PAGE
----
Nigeria steel sector comatose as privatised firms shut down

Steel plant04 February 2014, Lagos – The Nigerian iron and steel sector is being hobbled by a myriad of challenges which has seen most of the privatised steel rolling mills shutting down operations. The challenges range from cheap imports to unfavorable government policies.

The Minister of Mines and Steel Development, Mr Musa Sada, in his presentation during a one-day stakeholder forum organised by the steel ministry and the federal ministry of Industry Trade and Investment in Lagos hinted that out of the four steel rolling mills privatised in the country about seven years ago, only one is functioning.

Sada’s presentation stated that only Katsina Steel Rolling Mill bought by Dana Group in 2006 is currently producing, while the others are completely shut.
The nonfunctioning steel rolling mills include the the Zuma Steel rolling mill in Jos, Delta Steel Company and the Oshogbo Steel Rolling Mills bought by Dangote Group.

Confirming the hint from the federal government, an employee of one of the three moribund steel mills told THISDAY that the government and its lopsided policies are to blame for the slow death of the steel factories.

“How do you expect these companies to survive when massive importation of steel products into the country is the order of the day?” he queried.

“If government wants local steel factories to function then it must put its money where its mouth is and curb the unbridled importation of steel products into the country or manage the tariff in such a way that local producers can compete in the market,” he added.

The federal government warned earlier that the country may be unable to achieve the 15 million tonnes  per annum capacity of local steel production set for the year 2020 in the nation’s drive to revamp the iron and steel industry.

Sada believes that if activities in the iron and steel sector continue as it is currently being operated, it would certainly be unable to attain the 15 million tonnes per year target of locally manufactured  steel, set for seven years from now.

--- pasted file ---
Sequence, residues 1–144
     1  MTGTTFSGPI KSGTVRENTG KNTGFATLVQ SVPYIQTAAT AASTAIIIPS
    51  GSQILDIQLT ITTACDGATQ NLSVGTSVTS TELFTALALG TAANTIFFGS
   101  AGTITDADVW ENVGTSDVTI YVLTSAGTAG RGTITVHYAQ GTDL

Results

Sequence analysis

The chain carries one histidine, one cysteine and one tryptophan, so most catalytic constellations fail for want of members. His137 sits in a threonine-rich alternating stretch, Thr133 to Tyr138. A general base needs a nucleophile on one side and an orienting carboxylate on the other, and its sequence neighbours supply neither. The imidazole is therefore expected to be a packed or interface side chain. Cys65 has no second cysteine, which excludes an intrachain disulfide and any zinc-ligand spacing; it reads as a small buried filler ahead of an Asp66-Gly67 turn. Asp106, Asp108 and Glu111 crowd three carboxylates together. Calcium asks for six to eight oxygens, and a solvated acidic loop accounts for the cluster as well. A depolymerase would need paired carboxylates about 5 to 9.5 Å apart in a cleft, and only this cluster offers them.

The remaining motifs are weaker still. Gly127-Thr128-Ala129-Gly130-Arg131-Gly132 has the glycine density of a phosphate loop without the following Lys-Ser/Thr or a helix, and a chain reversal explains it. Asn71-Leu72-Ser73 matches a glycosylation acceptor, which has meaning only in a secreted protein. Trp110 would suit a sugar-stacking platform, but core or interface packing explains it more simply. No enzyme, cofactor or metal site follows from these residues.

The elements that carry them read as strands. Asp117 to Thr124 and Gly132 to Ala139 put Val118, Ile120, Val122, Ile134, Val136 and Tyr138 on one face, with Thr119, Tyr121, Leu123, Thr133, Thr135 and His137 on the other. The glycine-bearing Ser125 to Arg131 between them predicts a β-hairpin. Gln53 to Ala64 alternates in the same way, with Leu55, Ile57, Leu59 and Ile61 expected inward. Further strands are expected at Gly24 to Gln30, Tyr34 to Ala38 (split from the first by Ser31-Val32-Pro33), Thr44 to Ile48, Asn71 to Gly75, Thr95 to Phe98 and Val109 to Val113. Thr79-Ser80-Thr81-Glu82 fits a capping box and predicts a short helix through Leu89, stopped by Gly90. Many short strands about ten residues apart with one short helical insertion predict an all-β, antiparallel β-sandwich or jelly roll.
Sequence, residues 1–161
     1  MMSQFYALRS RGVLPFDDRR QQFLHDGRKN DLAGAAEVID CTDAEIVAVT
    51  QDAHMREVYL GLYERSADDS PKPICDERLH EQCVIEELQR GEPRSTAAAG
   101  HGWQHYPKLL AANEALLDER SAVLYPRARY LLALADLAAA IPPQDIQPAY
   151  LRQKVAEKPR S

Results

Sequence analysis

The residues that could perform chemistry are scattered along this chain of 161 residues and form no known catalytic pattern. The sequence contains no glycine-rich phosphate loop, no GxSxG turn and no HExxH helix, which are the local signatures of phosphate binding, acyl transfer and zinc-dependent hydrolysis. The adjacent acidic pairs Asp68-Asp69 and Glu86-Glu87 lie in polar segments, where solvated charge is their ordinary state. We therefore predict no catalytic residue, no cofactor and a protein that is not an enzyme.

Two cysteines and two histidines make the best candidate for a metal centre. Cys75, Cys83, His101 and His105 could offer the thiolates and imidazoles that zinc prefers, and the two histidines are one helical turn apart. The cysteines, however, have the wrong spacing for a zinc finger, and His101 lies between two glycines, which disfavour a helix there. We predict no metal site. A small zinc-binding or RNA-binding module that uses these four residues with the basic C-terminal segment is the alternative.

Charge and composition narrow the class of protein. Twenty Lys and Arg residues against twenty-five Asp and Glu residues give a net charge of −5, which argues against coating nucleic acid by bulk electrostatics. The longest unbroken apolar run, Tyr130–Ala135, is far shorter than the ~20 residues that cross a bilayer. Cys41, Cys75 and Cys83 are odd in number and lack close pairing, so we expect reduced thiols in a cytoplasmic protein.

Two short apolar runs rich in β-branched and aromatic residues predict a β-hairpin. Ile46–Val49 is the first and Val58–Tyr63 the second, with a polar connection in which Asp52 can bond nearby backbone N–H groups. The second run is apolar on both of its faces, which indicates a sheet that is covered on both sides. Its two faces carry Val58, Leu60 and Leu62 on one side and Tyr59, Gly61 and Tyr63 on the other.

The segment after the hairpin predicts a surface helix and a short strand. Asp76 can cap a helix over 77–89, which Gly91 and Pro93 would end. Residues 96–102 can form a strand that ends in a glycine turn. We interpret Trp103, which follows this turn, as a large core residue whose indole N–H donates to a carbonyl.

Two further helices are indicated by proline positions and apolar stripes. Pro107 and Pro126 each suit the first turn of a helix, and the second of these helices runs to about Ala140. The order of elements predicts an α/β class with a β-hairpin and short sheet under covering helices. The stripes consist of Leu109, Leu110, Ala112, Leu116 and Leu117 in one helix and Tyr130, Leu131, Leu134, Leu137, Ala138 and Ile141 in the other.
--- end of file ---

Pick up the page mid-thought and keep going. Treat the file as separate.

Loathing the fact that Nigeria, at the moment, imports about 17 million tonnes of steel yearly and produces only 2.5 million tonnes locally, the Mines and Steel minister stressed that the situation was more wasteful because the country possesses over 2 billion tonnes of iron ore deposit, as well as over one trillion tonnes deposits of coal, a major ingredient in the production of steel.

Stressing the importance of mines and steel to the advancement of the nation’s economy, Sada said steel is expected to remain the world’s most important engineering material for some time to come.

He pointed out that backward integration is very important in steel production saying that over 2 billion tonnes of iron ore deposits occur in various locations across the country while  1 trillion tonnes of coal resources occur in 13 states of the federation creating  enormous potentials for Nigeria’s steel and metal industry with ever growing domestic market and access to neighbouring West African markets.
Sada said the Nigerian iron and steel sub-sector involved privately owned steel plants that use 100 percent scrap metals as raw materials.

There are several private foundry companies operating at low capacity, cold rolled steel mills that depends on the use of imported hot rolled coils as feed stock showing the huge gap that exist in the nation’s steel industry.

He highlighted the major problems facing the steel industry as including Nigeria’s annual importation of about 17 million tonnes of assorted steel and allied products; local steel production being only from 100 percent melting of scrap metals and also added that the issue of quality was a major concern.

The Mines and Steel minister added that low productivity due to limited steel mix; little activities in the upstream section of the value chain resulting in under exploitation of iron ore reserves and lack of effective legal regulatory framework to guide the operations in the metal sector were areas of concern hindering the growth of the sub sector and making the 2020 target elusive.


– Crusoe Osagie, This Day

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